Meditation on Canticle of the Three Young Men, in Book of Daniel
God Does Not Abandon Us to Death or Loneliness, Pope Says
| 2680 hits
VATICAN CITY, FEB. 19, 2003 (Zenit.org).- Here is a translation of John Paul II's address at today's general audience, during which he reflected on Chapter 3 of the Book of Daniel, the canticle of the three young Israelites.
* * *
1. "Then these three [young men] with one voice sang, glorifying and blessing God" (Daniel 3:51). This phrase introduces the famous Canticle that we just heard in its fundamental passage. It is found in the Book of Daniel, in the part that has come down to us only in Greek, intoned by courageous witnesses of the faith, who did not want to bow in adoration of the statue of the king and preferred to face a tragic death, martyrdom in the fiery furnace.
They are three Jewish youths, placed by the sacred author in the historical context of the reign of Nebuchadnezzar, the great Babylonian sovereign who destroyed the holy city of Jerusalem in 586 B.C. and deported the Israelites "by the waters of Babylon" (see Psalm 136). Despite the extreme danger, when the flames were already licking their bodies, they found the strength "to praise, glorify and bless God," certain that the Lord of the cosmos and history would not abandon them to death and nothingness.
2. The biblical author, who wrote a few centuries later, evokes this heroic event to stimulate his contemporaries to hold high the standard of faith during the persecutions of the Syro-Hellenistic kings of the second century B.C. Precisely at this point the courageous reaction of the Maccabees took place, combatants for the freedom of the faith and of Jewish traditions.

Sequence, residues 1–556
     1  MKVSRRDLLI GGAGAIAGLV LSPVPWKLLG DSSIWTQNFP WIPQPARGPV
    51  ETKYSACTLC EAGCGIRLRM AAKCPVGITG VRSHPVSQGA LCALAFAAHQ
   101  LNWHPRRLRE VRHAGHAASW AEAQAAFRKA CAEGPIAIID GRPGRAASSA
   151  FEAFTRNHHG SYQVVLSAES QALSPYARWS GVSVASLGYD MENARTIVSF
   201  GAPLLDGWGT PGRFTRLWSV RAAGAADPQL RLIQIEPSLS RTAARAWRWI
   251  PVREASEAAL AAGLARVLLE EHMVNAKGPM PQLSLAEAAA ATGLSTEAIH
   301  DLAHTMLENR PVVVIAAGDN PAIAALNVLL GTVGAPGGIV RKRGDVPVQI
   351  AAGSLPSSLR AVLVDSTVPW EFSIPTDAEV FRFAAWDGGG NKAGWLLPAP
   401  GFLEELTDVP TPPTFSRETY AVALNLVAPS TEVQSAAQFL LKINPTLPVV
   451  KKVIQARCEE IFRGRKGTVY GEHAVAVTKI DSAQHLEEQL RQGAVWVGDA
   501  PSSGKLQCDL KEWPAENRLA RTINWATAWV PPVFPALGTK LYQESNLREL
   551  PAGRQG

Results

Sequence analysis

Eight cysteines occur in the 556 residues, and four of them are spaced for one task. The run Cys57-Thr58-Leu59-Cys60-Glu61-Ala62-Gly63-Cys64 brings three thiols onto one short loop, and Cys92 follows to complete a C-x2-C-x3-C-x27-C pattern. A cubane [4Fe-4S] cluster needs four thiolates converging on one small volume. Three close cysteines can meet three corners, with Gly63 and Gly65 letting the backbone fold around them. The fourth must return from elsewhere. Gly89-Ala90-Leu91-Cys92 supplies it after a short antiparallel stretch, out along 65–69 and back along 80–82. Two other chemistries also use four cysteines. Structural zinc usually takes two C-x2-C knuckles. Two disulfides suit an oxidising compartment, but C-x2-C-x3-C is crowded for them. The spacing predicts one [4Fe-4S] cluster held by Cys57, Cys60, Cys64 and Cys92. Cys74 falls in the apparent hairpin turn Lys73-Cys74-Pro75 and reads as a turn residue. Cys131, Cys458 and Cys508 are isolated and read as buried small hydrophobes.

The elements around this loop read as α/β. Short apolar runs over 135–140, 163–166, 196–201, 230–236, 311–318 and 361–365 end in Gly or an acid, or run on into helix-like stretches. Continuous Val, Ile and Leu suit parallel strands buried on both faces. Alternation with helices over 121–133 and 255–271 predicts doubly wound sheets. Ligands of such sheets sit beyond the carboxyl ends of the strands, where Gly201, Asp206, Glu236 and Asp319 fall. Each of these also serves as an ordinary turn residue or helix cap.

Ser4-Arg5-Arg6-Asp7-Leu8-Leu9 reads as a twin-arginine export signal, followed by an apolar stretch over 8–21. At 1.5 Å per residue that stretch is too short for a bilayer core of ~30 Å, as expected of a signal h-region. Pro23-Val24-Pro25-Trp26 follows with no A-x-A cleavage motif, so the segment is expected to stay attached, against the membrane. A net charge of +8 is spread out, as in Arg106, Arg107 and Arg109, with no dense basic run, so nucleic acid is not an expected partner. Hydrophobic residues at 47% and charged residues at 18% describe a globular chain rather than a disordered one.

The canticle, called traditionally "of the three young men," is similar to a flame that lights up the darkness of the time of oppression and persecution, a time that has often been repeated in the history of Israel and of Christianity itself. And we know that the persecutor does not always assume the violent and macabre countenance of the oppressor, but often is pleased to isolate the righteous with mockery and irony, asking him with sarcasm: "Where is your God?" (Psalm 41:4,11).
3. All creatures are involved in the blessing that the three young men raise to the Omnipotent Lord from the crucible of their trial. They weave a sort of multicolored tapestry where the stars shine, the seasons flow, the animals move, angels appear and, above all, the "servants of the Lord" sing, the "holy" and "the humble in heart" (see Daniel 3:85,87).
The passage that was just proclaimed precedes this magnificent evocation of all the creatures. It constitutes the first part of the canticle, which evokes the glorious presence of the Lord, transcendent and yet close. Yes, because God is in heaven, where he "looks into the depths" (see 3:55), but also "in the temple of your holy glory" of Zion (see 3:53). He is seated on the "throne" of his eternal and infinite "kingdom" (see 3:54), but also [the] "throne upon the cherubim" (see 3:55), in the ark of the covenant placed in the Holy of Holies in the temple of Jerusalem.